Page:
A report on the cost of house construction has recommended developing standardized approaches to the design of housing and recommends simplified layouts.
Construction accounts for approximately 50% of delivery costs, and the aim of the study was to support the reduction in costs for the residential sector – both house and apartment development.
The report, which was presented by Minister for Housing Darragh O’Brien to Cabinet today, compares Dublin with costs in Denmark, Germany, the Netherlands and the UK, as well as specific cities such as Copenhagen, Berlin, Utrecht and Birmingham.
The analysis concluded that construction costs to build the same scheme house in Birmingham to the same specifications as built in Dublin are approximately 15% lower on a cost per square meter basis.
However, it is noted this is due to a combination of differences in local market conditions and labor costs, as well as differences in scope such as no ensuites or fitted wardrobes and differences in sizing.
In addition, houses of 93sq/m were common in Birmingham as opposed to houses in Dublin which were more typically around 110sq/m and larger.
The report, which was conducted by Mitchell McDermott construction consultants, concluded that building the same apartment, to the same specifications as for Dublin, is a similar cost in the four European locations reviewed.
However, the construction cost for apartments built to the actual specifications in these locations can be up to 30% lower – due to differences in scope, specification and unit sizing.
Among the report’s seven recommendations is the suggested development of standardized design specifications for student accommodation.
Report author Paul Mitchell explained that to carry out the analysis, the cost of building the Irish product in other cities was considered, versus the cost of constructing the homes typically being delivered in those countries.
It includes a cost comparison of four separate housing types – a three-bed semi-detached home, an urban and suburban apartment, and student accommodation.
“We asked, what would it cost if you built our product in your city and we found it was very similar”, Mr Mitchell said.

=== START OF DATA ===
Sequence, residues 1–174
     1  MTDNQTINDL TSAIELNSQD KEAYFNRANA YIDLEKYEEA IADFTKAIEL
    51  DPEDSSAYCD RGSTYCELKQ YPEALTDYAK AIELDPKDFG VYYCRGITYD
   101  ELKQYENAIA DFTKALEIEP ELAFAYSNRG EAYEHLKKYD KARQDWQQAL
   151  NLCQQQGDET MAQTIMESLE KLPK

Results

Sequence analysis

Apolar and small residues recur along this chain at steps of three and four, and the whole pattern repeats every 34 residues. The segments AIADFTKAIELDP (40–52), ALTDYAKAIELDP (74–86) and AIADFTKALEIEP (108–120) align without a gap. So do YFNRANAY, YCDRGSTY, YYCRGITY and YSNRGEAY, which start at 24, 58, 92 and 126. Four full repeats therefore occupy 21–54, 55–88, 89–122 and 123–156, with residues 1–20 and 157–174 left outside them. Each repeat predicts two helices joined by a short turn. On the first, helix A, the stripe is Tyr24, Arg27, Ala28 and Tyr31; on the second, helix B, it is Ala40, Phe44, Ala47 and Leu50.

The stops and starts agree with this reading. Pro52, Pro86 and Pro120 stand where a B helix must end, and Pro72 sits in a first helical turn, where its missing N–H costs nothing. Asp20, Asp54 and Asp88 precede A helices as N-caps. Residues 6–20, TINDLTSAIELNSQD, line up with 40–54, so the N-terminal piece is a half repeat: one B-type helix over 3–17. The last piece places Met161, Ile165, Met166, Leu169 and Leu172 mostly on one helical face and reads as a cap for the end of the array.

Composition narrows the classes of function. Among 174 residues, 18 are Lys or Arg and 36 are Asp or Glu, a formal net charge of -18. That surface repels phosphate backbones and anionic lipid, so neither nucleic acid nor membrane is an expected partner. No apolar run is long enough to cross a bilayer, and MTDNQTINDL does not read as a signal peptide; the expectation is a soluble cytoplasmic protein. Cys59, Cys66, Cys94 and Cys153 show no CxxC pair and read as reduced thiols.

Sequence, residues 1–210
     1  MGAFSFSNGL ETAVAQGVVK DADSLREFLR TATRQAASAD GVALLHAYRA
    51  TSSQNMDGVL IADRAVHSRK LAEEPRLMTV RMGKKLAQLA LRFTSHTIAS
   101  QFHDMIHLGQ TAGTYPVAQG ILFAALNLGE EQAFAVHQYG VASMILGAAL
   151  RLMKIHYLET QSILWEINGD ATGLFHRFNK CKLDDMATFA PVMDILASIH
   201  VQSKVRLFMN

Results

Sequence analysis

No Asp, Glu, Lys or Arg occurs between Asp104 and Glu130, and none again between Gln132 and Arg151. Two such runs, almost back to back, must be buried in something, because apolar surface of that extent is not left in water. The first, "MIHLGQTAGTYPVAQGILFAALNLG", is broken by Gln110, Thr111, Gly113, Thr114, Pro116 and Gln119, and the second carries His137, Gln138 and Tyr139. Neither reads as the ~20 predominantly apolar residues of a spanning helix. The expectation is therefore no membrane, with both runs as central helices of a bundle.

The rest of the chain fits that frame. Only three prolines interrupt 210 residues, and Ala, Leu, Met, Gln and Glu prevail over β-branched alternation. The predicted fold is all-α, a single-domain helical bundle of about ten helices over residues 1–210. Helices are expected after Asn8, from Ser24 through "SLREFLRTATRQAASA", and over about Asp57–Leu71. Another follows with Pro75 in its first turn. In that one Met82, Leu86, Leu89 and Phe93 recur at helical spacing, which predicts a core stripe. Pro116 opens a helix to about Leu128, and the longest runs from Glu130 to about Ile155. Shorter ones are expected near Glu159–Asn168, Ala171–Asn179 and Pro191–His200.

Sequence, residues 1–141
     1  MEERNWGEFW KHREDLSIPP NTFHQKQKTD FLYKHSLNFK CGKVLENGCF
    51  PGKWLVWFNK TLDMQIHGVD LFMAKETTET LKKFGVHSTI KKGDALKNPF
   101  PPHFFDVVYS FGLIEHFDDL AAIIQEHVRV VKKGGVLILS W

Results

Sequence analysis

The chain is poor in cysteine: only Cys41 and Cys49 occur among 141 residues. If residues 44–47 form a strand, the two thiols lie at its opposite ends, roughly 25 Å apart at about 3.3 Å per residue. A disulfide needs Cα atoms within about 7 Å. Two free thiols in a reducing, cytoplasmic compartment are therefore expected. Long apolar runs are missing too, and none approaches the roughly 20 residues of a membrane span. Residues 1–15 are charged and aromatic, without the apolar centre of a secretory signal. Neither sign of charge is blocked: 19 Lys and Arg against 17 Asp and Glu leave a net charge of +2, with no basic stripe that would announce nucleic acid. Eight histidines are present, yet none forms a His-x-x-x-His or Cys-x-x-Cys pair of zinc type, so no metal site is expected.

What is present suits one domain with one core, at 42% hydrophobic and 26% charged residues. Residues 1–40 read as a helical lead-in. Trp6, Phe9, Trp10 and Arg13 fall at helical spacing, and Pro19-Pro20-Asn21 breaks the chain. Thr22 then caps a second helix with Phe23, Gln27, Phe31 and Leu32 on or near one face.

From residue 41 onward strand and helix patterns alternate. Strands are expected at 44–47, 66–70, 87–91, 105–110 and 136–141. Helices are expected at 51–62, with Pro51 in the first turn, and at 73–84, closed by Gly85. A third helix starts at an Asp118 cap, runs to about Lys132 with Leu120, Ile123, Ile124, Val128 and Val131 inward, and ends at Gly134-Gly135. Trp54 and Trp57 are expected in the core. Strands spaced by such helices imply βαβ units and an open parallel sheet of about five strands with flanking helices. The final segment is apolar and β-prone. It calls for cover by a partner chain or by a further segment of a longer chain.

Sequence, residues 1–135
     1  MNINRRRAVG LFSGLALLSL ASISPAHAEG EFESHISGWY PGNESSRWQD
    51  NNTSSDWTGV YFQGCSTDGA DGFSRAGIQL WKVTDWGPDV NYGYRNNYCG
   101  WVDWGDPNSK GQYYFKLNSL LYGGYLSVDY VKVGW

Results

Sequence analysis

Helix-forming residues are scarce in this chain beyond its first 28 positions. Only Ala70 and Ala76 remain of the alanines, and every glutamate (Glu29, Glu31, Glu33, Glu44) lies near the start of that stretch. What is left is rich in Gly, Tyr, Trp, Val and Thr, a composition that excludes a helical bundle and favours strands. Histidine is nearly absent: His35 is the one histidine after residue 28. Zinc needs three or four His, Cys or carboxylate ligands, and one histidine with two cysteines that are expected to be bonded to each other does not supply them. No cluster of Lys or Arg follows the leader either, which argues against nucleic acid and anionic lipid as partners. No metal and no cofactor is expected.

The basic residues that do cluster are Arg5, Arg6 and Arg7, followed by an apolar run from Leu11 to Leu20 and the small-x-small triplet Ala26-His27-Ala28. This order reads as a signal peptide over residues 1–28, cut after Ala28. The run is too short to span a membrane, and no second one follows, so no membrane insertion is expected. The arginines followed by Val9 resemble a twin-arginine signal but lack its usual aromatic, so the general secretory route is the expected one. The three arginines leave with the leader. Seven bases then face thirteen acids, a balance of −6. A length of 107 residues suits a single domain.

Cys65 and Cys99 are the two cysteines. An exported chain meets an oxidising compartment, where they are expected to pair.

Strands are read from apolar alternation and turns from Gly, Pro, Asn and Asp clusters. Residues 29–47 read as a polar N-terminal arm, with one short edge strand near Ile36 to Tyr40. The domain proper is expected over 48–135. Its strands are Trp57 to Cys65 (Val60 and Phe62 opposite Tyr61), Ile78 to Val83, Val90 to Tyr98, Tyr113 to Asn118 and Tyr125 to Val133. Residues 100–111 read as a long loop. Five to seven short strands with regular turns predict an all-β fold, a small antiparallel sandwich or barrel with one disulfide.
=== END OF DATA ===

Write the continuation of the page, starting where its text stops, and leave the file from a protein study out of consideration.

However, the consultants found that what was being built in those cities was between 17% and 30% cheaper.
“That doesn’t make a lot of sense, but when we drilled down into it, we found that we weren’t comparing like with like,” he said.
“When you walk into your apartment here you’ve got floor finishes, your kitchen, ensuite, wardrobes. But in Berlin or Copenhagen, you may or may not have a ceiling, or a kitchen, you won’t have an ensuite, floor finishes or light fittings.The scope comparison is completely different.
“If you build what we have here, the cost is not that much different, but what they build there is less, so it’s not the same scope.”
Mr Mitchell said there were also big differences when it came to standardisation, citing 21 different types of windows used in Ireland, whereas other countries only used four.
Among the report’s recommendations is to consider the use of standardized designs for dwellings and how we build our external walls, which Mr Mitchell said is very expensive by comparison to Europe.
He expected the Irish product to be cheaper in other cities, he added, but that was not what the study concluded.
“If we found they built us [product] cheaper, that would have meant that Irish construction costs were too high.
“But because they were showing pretty level, it means we don’t have a problem with costs, we have an issue or an opportunity with what’s in the costs”.
Speaking to reporters this afternoon, Taoiseach Leo Varadkar said standardizing construction “is something we can examine and certainly Minister O’Brien is very keen to do that”.
He said today’s report “does show something that we knew already, that it costs more to build in Dublin than it would in other capital cities in other countries”.
“It does outline that are some reasons for that. Construction workers get paid more in Ireland than they do in many other countries. I don’t think that is a bad thing, we need to attract construction workers into Ireland, we need to attract people into the construction industry,” he said.
“Also, in many cases our standards are higher, for example we require natural light, we require en-suite bathrooms, I’m sure that is a bad idea.”
“Yes of course, we will always compare what happens in other countries and we are open to modifying business standards, buy we don’t want to reduce construction worker pay and we don’t want to lower the quality of what we build here,” he added.
Additional reporting Laura Hogan, Brian O’Donovan